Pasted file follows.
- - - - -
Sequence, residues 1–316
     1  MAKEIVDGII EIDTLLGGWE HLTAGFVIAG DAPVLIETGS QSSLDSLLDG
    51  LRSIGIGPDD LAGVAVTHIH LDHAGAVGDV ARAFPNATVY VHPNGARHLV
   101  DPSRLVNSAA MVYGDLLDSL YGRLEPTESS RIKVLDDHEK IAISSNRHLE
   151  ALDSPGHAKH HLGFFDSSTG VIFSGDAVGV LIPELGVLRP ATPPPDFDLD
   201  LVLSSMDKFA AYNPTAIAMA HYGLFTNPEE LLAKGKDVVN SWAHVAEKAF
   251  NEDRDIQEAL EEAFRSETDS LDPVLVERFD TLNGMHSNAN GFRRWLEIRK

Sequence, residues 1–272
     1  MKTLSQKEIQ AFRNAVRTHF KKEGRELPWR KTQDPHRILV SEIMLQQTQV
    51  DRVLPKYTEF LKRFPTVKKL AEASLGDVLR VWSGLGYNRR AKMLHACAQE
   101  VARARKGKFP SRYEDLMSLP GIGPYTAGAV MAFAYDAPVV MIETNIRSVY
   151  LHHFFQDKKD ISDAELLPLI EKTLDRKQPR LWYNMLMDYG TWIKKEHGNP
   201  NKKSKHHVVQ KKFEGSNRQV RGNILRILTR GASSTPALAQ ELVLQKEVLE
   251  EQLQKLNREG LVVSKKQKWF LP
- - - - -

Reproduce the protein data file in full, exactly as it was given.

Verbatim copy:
Sequence, residues 1–316
     1  MAKEIVDGII EIDTLLGGWE HLTAGFVIAG DAPVLIETGS QSSLDSLLDG
    51  LRSIGIGPDD LAGVAVTHIH LDHAGAVGDV ARAFPNATVY VHPNGARHLV
   101  DPSRLVNSAA MVYGDLLDSL YGRLEPTESS RIKVLDDHEK IAISSNRHLE
   151  ALDSPGHAKH HLGFFDSSTG VIFSGDAVGV LIPELGVLRP ATPPPDFDLD
   201  LVLSSMDKFA AYNPTAIAMA HYGLFTNPEE LLAKGKDVVN SWAHVAEKAF
   251  NEDRDIQEAL EEAFRSETDS LDPVLVERFD TLNGMHSNAN GFRRWLEIRK

Sequence, residues 1–272
     1  MKTLSQKEIQ AFRNAVRTHF KKEGRELPWR KTQDPHRILV SEIMLQQTQV
    51  DRVLPKYTEF LKRFPTVKKL AEASLGDVLR VWSGLGYNRR AKMLHACAQE
   101  VARARKGKFP SRYEDLMSLP GIGPYTAGAV MAFAYDAPVV MIETNIRSVY
   151  LHHFFQDKKD ISDAELLPLI EKTLDRKQPR LWYNMLMDYG TWIKKEHGNP
   201  NKKSKHHVVQ KKFEGSNRQV RGNILRILTR GASSTPALAQ ELVLQKEVLE
   251  EQLQKLNREG LVVSKKQKWF LP